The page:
Thursday, October 09, 2008

Dorothy Rowe

Went to a talk by Dorothy Rowe, the psychologist last night, on religion and death, and fascinating stuff it was.

She mentioned at one stage the difference in types of depression suffered by catholics and protestants. Catholics, she said, tended to see themselves as isolated, and a godlike hand would swoop down and deliver them away from everything they knew into a darkness. Protestants, on the other hand, especially those of the Calvinist bent, tended to suffer from the effects of the cold, judgemental conscience, alway baying at them, telling them that however much they try, they are not good enough.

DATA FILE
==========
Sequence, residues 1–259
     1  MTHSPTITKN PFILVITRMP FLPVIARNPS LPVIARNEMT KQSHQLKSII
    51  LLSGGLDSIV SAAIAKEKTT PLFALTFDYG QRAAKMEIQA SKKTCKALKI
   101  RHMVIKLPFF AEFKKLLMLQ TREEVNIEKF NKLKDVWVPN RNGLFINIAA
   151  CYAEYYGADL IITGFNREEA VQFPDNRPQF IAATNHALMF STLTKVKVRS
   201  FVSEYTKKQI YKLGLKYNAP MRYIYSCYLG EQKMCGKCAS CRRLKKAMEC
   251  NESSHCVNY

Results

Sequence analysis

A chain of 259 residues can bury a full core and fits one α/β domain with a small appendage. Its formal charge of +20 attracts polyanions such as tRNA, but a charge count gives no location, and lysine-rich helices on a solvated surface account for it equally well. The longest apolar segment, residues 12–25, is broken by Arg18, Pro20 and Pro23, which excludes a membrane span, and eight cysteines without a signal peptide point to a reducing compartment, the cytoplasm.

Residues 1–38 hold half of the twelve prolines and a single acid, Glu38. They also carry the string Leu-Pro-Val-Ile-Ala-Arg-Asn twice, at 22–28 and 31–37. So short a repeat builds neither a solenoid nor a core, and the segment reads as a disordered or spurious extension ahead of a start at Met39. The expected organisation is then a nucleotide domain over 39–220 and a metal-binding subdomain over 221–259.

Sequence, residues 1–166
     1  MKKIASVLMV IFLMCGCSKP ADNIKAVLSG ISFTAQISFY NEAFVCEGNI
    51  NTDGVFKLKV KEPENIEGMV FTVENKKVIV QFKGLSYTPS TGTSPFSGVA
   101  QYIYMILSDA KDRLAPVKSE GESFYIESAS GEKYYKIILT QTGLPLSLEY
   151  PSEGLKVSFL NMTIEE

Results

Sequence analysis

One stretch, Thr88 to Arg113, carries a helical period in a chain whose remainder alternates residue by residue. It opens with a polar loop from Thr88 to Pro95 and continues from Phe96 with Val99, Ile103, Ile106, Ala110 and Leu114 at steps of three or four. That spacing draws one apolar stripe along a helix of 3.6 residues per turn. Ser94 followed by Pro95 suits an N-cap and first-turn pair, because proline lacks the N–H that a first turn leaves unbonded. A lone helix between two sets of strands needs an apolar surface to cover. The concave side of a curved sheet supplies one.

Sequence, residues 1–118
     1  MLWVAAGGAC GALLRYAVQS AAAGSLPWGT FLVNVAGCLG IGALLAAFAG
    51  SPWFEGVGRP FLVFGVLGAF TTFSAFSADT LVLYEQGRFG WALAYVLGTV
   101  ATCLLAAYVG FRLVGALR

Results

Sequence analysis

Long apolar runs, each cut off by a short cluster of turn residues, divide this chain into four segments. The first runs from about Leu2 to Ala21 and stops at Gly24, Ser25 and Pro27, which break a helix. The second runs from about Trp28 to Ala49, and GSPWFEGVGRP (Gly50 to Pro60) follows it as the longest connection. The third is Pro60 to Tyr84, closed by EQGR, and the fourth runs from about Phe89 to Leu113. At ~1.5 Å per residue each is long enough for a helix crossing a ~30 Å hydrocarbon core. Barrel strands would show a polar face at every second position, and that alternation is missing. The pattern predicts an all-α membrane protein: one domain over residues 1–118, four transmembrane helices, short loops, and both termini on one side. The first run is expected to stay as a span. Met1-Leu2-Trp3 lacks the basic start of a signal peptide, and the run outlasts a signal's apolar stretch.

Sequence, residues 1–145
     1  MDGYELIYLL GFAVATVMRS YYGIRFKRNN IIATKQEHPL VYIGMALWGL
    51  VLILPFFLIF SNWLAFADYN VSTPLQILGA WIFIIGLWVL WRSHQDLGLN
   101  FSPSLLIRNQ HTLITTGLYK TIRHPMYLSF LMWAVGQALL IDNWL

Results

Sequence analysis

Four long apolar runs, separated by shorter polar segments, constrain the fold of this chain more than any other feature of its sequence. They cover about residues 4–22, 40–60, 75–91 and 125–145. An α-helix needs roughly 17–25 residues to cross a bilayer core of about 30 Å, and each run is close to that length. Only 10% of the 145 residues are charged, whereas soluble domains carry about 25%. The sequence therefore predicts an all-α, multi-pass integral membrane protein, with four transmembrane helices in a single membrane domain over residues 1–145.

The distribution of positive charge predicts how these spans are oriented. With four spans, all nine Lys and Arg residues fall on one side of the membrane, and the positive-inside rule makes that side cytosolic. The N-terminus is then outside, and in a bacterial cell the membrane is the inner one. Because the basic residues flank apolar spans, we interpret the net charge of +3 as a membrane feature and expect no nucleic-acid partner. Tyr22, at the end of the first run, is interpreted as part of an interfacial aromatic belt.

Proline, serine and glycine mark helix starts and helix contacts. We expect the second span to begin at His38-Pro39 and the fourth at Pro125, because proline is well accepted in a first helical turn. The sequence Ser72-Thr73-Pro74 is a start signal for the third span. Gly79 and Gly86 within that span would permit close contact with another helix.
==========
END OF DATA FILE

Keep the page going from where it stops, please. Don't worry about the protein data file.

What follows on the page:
Exactly. I've never endured depression, for which I am thankful, but I know if I did it would be that latter one I would suffer. That hideous, judgemental Calvinist coldness, that essential statement that you are a failure and no matter how much you try you will be found wanting: it is the most depressing thing imaginable, and I am grateful that, as an atheist, I have been able to shake it off. But not completely. You can't. It's in there, it always will be. It is so ingrained in your early education, your upbringing, your whole social surroundings. It is a repulsive thing, relying on fear and intimidation and blind obedience.

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